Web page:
One of my ASU professors, Billie Turner, tested the Boserup vs. Malthus hypotheses in a historical study of agricultural change in Bangladesh.
Bangladesh has long been viewed as a Malthusian crisis in waiting, given its extreme land pressures and impoverished agrarian sector. Yet, the country’s small-holders in fact increased agricultural production significantly from 1950 to 1986 through the intensification process, and the percentage of the population below the poverty line decreased, according to some sources. (Turner and Ali, 1996)What they found is that neither model worked exactly well- on one hand, technology has kept up with population, and on the other, just barely. But innovations such as tube well irrigation, high yielding varieties, and other technologies have meant that Bangladesh is largely self-sufficient in food production.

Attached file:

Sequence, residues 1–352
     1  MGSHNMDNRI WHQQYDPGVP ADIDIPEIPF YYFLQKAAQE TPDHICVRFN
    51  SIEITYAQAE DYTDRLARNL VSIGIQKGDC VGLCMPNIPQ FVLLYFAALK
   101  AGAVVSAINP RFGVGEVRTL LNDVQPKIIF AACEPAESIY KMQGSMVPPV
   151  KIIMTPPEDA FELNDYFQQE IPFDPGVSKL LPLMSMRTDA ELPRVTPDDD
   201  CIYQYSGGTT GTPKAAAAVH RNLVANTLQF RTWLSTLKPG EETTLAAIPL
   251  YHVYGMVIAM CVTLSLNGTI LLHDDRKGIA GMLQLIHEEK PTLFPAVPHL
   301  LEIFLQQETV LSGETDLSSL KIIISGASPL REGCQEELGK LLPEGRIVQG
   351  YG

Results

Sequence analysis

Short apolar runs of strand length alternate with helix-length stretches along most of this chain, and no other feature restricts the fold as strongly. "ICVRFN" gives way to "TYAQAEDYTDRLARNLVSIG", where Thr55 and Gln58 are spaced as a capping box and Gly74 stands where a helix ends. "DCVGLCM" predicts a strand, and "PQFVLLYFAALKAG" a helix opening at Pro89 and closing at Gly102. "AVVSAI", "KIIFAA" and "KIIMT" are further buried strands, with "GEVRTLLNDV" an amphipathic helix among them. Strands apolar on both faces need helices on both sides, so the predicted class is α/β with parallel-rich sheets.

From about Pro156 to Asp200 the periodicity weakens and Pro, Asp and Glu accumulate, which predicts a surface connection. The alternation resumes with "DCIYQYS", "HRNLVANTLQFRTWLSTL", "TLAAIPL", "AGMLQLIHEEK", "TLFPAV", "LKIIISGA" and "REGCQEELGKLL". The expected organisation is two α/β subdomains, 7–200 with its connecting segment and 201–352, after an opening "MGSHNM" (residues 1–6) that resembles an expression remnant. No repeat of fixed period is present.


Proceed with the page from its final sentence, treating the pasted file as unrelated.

Boserup's theory is still very much relevant to agriculture today. One of my research questions (broadly) is whether technological change can keep up with climate change and its impacts on agriculture? It's a different "demand" than population, but an important one. Also, Boserup helped pioneer gender studies of agriculture (see Billie Turner's homage to Boserup here), pointing out that traditional Western models of agricultural development ignored women's role in farming. This has been a persistant problem with agricultural development. So yay for Ester Boserup, an inspiration to me and many others!